Outdoor activities for infants and toddlers are important for a variety of reasons. They include receiving vitamin D supplied by the sun, learning about their environment, interacting with others, and mental and physical development. One of the wonderful aspects of outdoor play activities is how it stimulates all of your toddler's or infant’s the senses, from smelling, touching, hearing to sometimes tasting. Outdoor activities also help enhance their motor skills.
How Much Activity
If you are a parent, grandparent or a caregiver and are absolutely raring to take that little infant or toddler outside for some wonderful outdoor activities, understand the range of how much activity may be needed. For babies, it may seem enough to just take them outside in a stroller, or hold them while walking around the yard or garden. It is not. Infants need physical movement, where they can crawl, and touch and smell things in a garden, or on a lawn or in a sandbox. This movement stimulates brain, emotional and cognitive development. Your toddler should get close to 30 minutes a day of outside physical play at the very least.
Child Care Outdoor Activity
If you are a working parent or a single parent who is juggling a hundred responsibilities and your child-rearing role, you may be considering childcare. While this is an excellent opportunity to offer your infant or toddler a chance to interact with other children as well as give you a much needed respite, make certain you examine and understand the provider's outdoor activities schedule. For example, older infants should be allowed to stretch their legs, kick, roll over outside, in a safe environment. Toddlers need structured or planned physical activity of at least a half hour in duration.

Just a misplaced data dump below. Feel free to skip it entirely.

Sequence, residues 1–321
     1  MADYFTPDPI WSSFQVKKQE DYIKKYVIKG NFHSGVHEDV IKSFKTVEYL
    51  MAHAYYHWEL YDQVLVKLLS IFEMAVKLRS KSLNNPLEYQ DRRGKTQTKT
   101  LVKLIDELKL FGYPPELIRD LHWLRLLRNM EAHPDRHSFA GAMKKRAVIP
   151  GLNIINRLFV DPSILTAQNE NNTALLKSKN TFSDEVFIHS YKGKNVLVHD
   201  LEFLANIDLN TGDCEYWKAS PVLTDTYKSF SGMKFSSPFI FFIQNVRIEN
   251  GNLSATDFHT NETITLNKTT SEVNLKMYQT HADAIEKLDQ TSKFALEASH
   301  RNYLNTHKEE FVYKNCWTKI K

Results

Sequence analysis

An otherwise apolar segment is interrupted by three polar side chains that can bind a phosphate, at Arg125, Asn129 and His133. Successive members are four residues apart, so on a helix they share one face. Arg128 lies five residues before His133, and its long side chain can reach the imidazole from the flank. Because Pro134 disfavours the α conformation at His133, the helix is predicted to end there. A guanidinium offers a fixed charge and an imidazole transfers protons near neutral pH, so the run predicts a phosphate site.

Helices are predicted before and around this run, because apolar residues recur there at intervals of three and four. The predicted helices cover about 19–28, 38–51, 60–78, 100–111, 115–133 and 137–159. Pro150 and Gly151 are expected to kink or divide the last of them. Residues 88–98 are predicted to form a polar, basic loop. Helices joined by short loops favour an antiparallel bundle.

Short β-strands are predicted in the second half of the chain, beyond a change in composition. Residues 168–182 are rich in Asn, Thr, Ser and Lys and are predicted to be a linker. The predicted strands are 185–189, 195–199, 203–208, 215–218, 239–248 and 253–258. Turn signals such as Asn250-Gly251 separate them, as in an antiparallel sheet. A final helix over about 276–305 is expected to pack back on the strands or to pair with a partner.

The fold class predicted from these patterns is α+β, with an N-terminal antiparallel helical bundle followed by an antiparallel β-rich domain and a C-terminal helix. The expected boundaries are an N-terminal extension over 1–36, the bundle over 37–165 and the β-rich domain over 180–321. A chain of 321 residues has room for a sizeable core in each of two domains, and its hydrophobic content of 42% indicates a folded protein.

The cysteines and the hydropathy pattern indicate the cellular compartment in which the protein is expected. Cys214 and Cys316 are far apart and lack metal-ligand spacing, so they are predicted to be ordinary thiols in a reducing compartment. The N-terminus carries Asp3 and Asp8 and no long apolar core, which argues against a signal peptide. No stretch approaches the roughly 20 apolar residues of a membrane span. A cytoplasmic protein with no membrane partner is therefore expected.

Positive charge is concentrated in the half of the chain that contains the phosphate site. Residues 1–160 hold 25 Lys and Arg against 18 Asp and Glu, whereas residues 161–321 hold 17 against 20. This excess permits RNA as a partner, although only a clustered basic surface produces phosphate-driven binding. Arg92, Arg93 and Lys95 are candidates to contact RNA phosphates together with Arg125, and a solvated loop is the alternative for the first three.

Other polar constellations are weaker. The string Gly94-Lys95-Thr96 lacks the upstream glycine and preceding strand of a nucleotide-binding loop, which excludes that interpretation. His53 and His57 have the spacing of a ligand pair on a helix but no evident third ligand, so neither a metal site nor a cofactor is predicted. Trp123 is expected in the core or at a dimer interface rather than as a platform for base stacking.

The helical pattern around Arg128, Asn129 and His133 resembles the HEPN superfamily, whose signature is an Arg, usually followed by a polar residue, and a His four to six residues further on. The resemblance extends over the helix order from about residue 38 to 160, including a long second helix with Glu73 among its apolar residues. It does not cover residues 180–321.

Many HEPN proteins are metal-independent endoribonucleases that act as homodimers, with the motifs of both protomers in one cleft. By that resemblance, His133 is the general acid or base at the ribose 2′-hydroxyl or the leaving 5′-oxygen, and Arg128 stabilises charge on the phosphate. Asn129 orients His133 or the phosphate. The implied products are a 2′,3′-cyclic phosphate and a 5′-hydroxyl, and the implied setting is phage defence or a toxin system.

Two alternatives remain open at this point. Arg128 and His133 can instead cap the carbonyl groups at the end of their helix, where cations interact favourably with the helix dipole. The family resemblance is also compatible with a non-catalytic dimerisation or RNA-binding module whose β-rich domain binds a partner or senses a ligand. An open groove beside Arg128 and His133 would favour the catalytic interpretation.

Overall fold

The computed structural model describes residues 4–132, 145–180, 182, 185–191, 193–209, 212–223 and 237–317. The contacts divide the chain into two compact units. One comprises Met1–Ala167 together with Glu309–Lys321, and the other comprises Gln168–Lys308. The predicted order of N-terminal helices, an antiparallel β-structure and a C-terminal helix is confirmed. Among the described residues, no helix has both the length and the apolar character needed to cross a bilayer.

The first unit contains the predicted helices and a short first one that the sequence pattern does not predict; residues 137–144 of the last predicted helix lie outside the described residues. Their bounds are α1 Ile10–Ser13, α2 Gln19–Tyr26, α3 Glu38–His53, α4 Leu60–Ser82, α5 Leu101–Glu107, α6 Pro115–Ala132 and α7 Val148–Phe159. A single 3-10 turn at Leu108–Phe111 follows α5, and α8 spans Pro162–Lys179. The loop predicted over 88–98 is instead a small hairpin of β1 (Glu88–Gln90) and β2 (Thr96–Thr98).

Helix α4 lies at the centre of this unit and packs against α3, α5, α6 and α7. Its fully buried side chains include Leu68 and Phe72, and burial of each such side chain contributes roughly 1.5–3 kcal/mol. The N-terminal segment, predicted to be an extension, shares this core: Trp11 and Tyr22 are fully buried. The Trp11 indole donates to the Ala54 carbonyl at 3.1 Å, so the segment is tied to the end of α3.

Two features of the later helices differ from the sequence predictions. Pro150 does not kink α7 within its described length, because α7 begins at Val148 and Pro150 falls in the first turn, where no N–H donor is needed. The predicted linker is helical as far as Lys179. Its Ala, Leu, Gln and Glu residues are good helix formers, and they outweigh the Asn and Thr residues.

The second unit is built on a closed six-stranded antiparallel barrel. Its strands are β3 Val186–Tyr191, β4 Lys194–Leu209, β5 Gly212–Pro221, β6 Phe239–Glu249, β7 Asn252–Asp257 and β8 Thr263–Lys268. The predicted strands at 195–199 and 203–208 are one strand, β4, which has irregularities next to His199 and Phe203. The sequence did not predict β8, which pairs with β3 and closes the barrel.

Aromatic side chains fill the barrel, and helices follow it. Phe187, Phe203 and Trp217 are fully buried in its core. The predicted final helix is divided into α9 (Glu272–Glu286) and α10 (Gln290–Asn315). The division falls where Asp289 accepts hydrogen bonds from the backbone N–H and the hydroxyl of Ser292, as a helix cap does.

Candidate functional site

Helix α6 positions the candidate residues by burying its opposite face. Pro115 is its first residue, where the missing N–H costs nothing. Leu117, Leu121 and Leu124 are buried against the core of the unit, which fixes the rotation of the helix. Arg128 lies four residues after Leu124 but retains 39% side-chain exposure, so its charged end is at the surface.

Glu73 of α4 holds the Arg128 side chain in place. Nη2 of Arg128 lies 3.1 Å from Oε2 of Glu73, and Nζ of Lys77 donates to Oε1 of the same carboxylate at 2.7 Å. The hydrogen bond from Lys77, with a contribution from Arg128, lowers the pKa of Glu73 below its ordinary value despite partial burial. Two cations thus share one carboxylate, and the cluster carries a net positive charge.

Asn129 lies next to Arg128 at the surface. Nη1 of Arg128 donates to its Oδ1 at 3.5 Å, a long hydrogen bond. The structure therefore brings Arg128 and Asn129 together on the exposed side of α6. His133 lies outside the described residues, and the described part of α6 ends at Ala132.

Taking an infant or toddler to the zoo is a wonderful idea. Of course, before you head out, plan ahead. Include water bottles, diaper wipes for the hands, a hat for the young one’s eyes, small blanket and perhaps sunscreen, depending on the weather. At the zoo, there are often small rides, interesting bird and animal exhibits and even a petting zoo to hold the interest of both infant and toddler alike. Of course there will be a lot of touching involved, so those diaper wipes will come in handy. Some zoos even have small water play pools, infants and toddlers can enjoy.
The neighborhood playground offers convenience of proximity for the parents and a boatload of opportunities for activities for infants and toddlers. Infants like to crawl and touch and smell things and toddlers like to run and run and run some more. A neighborhood playground typically has a little bit of activity play spaces to accommodate both. Infants will enjoy the sandboxes and the small toys that can be moved around, while they grab at sand mixed with a little bit of water. Toddlers like the opportunity to make mud pies and squish the wet sand. Of course there are swings, slides and even space for both toddler and infant to play together on the grass or on a blanket.